Diary of a Lost War is the wartime journal of the famed author Unno Juza (海野十三), in which he gives a vivid account of life in Tokyo during the American air raids in the late stages of the Pacific War.
Unno, who is more familiar as the trailblazer of science fiction in Japan, turns his attention to real life this time; he factually describes the air raids and how he and the people around him coped with the ongoing collapse of the Japanese war effort.
Reajer book 30 (available on Amazon and iBooks) features the first two entries of the diary, and gives you an opportunity to get familiar with the peculiar style of Japanese diary writing – one of the major, and best, genres in the local literature. Let's take a look at the first line of the text:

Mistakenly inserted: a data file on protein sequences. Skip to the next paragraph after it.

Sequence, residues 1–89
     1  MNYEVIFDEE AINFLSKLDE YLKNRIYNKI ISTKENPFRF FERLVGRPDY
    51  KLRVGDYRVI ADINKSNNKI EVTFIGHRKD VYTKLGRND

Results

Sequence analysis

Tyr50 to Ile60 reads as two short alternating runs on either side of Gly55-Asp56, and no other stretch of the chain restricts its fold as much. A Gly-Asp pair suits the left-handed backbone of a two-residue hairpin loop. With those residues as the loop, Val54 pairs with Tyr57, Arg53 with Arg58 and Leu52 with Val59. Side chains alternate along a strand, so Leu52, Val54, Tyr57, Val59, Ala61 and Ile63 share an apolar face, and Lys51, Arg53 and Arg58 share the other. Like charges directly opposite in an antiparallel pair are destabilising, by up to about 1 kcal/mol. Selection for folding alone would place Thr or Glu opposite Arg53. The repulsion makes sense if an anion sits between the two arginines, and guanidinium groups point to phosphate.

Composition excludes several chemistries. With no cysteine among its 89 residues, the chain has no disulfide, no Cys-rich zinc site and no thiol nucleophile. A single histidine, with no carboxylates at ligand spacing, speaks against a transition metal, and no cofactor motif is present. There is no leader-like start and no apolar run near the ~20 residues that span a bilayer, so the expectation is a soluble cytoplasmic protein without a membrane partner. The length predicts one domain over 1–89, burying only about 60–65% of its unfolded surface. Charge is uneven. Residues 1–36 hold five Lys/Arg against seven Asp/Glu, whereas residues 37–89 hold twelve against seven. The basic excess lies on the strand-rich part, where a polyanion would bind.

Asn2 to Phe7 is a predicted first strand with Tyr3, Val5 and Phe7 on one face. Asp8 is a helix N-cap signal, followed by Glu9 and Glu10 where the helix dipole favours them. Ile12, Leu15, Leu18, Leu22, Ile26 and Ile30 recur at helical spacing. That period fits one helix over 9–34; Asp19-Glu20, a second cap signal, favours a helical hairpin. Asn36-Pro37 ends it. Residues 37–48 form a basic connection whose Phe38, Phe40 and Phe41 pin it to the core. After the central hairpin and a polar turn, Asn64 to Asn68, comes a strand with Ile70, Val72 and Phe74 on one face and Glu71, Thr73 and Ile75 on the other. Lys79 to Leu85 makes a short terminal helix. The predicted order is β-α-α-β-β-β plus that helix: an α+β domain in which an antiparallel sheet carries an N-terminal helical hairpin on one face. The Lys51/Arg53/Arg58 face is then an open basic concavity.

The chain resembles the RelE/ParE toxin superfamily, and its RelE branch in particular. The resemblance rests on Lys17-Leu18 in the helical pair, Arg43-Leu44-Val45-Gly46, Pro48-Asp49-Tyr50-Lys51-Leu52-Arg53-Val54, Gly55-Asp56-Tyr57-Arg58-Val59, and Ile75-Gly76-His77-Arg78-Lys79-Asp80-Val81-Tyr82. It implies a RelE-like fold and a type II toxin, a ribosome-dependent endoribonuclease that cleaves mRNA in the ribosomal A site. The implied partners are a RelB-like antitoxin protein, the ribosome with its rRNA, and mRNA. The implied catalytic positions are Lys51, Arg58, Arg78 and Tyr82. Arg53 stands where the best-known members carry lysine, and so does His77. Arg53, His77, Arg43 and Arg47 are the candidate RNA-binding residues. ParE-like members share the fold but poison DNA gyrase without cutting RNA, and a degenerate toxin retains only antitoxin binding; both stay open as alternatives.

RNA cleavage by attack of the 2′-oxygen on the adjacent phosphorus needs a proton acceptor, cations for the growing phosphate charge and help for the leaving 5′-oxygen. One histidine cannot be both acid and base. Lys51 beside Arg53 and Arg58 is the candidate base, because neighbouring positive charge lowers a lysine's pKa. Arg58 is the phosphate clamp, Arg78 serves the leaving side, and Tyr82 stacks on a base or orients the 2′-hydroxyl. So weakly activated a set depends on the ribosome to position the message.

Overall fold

At about 7:30 p.m. the air raid siren is sounded. It is a clear night. I get my family into the shelter. The enemy has sent two aircraft.
The most striking thing about this text is its brevity – almost like shorthand. One can really feel the haste and uncertainty of the writer, detailing the events as they happen without having the leisure to sit and contemplate them for any length of time.
Two immediately apparent characteristics of the text are that the sentences are very short, and the verbs are all in the present tense (or non-completed aspect, if you like linguistic accuracy). And in the phrase 警報鳴る, the particle が has been dropped – another feature of rapid writing or speech.
Some other things you'll learn in this ebook are:
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